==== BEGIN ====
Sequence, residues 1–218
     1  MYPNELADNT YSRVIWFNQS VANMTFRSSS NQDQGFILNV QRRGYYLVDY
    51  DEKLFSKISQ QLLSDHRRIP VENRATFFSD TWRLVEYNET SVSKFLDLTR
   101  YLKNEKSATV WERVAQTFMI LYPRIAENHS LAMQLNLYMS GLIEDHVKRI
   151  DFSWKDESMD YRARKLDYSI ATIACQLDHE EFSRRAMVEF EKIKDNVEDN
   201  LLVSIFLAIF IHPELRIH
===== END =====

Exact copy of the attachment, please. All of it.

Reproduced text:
Sequence, residues 1–218
     1  MYPNELADNT YSRVIWFNQS VANMTFRSSS NQDQGFILNV QRRGYYLVDY
    51  DEKLFSKISQ QLLSDHRRIP VENRATFFSD TWRLVEYNET SVSKFLDLTR
   101  YLKNEKSATV WERVAQTFMI LYPRIAENHS LAMQLNLYMS GLIEDHVKRI
   151  DFSWKDESMD YRARKLDYSI ATIACQLDHE EFSRRAMVEF EKIKDNVEDN
   201  LLVSIFLAIF IHPELRIH